tried in France, but in Engla●nd there is a tendency, with many ▓officers, to deprecate the use of ▓small-arm ammunition at extreme ranges.
The ●general direction of the improvement ▓in firearms is to lessen the size of the bore▓ and increase the flatness of the traj▓ectory.Thus the high-angled fire of the S●nider, converted from the muzzle-lo●ading Enfield, was changed for the Marti●ni-Henry, in every way a more deadly weapon, and● this, as has been already remarke▓d, has given way to an even smal▓ler bored rifle.And with the i●ncreased rapidity of fire and ●the larger number of rounds of the lig▓hter ammunition that can be carried,● the bayonet, t
hat was lengthened in 1878, w▓as reduced to its present dimensi●ons.
Muzzle-loading guns have ▓been replaced by breech-loaders, and the ste▓el muzzle-loading guns used i●n Abyssinia by screw guns, which can be ●put together and fired within a minute● from the time the two mules, which carry▓ the parts, halt.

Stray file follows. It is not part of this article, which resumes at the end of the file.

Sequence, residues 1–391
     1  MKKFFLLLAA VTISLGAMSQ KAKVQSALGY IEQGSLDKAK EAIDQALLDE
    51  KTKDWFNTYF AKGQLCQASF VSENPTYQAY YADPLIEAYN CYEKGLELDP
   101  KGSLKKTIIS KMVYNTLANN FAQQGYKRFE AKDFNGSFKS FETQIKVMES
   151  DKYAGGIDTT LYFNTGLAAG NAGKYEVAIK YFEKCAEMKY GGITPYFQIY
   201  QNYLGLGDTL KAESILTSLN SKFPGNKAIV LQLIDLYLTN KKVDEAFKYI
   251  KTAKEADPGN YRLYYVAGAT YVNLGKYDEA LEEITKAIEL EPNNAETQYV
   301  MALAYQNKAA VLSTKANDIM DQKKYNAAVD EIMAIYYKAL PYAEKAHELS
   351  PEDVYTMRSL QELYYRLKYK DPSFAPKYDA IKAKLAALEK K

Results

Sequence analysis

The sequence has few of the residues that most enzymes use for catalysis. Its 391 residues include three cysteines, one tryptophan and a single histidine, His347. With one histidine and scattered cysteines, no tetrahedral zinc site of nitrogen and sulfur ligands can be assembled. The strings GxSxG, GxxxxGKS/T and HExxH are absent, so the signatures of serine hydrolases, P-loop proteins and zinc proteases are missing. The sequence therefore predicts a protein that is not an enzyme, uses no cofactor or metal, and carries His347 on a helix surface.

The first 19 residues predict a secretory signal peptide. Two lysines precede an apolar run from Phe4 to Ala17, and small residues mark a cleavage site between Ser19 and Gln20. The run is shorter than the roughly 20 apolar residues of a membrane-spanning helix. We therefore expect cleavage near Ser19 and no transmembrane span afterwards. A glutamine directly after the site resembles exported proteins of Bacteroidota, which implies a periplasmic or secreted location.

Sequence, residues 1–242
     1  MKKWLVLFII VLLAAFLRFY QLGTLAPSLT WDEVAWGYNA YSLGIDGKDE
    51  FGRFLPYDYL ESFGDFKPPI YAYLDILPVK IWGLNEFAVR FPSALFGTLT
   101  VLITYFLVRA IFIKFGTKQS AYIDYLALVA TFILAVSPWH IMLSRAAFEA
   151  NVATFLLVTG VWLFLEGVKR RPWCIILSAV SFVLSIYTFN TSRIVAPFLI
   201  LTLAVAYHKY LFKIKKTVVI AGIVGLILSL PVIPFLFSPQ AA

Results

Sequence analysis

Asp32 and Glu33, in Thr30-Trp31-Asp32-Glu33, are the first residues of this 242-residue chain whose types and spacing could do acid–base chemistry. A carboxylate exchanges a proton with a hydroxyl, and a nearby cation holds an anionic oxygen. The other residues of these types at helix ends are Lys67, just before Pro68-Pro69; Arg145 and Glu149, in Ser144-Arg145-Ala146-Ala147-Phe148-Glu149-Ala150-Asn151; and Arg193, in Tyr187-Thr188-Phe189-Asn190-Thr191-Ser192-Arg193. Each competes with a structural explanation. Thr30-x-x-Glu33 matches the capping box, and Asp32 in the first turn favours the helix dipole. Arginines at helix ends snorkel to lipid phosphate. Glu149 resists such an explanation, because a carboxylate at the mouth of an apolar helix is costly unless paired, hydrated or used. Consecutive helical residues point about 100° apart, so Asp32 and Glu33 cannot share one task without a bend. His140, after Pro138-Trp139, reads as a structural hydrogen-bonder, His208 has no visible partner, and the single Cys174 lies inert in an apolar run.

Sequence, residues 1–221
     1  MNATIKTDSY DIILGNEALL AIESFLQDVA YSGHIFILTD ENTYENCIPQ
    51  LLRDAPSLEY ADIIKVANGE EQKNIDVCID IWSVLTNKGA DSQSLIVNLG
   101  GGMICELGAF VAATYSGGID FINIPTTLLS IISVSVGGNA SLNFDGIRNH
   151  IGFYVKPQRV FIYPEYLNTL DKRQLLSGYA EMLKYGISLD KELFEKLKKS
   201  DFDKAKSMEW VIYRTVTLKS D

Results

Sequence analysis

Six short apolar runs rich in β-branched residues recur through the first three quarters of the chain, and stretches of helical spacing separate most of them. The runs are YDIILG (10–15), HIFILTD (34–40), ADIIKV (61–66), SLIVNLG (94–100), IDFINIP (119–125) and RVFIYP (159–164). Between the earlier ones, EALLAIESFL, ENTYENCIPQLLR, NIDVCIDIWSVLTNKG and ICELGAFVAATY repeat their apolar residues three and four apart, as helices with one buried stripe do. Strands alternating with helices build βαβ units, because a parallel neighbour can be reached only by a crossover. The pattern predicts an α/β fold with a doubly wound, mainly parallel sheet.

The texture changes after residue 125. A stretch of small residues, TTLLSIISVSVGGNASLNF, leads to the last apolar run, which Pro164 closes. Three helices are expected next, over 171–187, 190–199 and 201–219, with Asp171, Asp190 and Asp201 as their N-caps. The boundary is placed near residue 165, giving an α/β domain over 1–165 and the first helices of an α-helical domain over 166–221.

Machine guns, such as the▓ Gatling, Gardner, and Nordenfe●ldt, will probably give way to ●the automatic Maxim.
Since the campaig
n ●of 1870 to 1871, greater attention has ▓been paid to visual signalling by flag or flash,▓ and the field telegraph is mu●ch more actively employed, and accompanies, as▓ far as possible, the army up to the point ●of attack.
In England, considerable ●attention has been paid to night mar▓ching and night attacks, as being the only metho▓d under favourable circumstances of crossing▓, unseen, the fire-swept zone now so much more● extend